Sexual Antipodes

Enlightenment Globalization and the Placing of Sex

Sexual Antipodes

Sexual Antipodes is about how Enlightenment print culture built modern national and racial identity out of images of sexual order and disorder in public life. It examines British and French popular journalism, utopian fiction and travel accounts about South Sea encounter, pamphlet literature, and pornography, as well as more traditional literary sources on the eighteenth century, such as the novel and philosophical essays and tales. The title refers to a premise in utopian and exoticist fiction about the southern portion of the globe: sexual order defines the character of the state. The book begins by examining how the idea of sexual order operated as the principle for explaining national differences in eighteenth-century contestation between Britain and France. It then traces how, following British and French encounters with Tahiti, the comparison of different national sexual orders formed the basis for two theories of race: race as essential character and race as degeneration.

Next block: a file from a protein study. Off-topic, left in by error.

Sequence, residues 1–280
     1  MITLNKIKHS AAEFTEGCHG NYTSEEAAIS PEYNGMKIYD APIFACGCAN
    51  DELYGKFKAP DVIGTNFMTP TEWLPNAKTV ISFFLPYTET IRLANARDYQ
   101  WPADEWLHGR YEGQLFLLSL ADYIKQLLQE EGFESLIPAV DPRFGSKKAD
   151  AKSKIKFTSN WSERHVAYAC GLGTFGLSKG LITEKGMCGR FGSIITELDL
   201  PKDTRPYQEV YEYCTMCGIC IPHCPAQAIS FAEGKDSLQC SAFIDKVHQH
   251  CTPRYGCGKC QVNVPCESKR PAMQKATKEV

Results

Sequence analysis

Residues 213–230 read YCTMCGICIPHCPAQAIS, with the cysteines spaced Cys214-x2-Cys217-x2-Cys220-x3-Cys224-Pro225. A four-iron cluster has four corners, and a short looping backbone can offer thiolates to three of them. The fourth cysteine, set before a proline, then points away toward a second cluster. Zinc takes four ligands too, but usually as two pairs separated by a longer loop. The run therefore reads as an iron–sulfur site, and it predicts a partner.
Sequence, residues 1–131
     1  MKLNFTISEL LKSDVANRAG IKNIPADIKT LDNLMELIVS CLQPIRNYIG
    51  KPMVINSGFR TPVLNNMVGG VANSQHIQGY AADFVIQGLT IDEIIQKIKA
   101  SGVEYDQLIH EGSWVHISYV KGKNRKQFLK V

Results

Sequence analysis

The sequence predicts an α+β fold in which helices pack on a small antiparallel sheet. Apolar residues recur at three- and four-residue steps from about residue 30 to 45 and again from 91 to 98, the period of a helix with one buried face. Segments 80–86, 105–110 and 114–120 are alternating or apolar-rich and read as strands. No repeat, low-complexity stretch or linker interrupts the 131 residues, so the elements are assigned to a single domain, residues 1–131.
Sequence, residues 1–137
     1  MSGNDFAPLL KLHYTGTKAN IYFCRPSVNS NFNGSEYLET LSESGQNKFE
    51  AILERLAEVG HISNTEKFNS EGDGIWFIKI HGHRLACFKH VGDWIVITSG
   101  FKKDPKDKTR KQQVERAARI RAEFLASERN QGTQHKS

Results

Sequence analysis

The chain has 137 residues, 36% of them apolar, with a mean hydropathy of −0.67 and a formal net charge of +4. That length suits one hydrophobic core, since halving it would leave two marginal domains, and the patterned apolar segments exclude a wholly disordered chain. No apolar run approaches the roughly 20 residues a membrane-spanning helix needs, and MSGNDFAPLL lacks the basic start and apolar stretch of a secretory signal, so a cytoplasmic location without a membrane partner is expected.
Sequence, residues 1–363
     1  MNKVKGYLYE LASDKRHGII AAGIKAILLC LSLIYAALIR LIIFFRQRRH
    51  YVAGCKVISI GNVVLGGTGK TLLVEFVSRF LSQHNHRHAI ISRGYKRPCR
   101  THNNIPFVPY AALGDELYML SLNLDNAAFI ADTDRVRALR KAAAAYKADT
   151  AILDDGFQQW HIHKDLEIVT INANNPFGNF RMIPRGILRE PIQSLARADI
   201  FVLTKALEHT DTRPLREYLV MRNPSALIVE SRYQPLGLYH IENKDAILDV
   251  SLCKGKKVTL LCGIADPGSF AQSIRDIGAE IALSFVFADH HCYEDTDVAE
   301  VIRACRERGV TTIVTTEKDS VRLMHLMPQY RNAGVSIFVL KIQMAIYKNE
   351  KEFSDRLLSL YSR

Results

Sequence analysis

Sapphic Fathers

Discourses of Same-Sex Desire from Nineteenth-Century France

Sapphic Fathers

Gretchen Schultz explores how male writers and their readers in late nineteenth-century France took lesbianism as a cipher for apprehensions about sex and gender during a time of social and political upheaval.

Frigidity

An Intellectual History

Frigidity

This first major study of a curiously neglected term in the history of sexuality will intrigue students, scholars and enthusiasts alike. The authors take us through a journey across four centuries, showing how notions of sexual coldness and frigidity have been thought about by legal, medical, psychiatric, psychoanalytic and literary writers.

Canadiana

Canadiana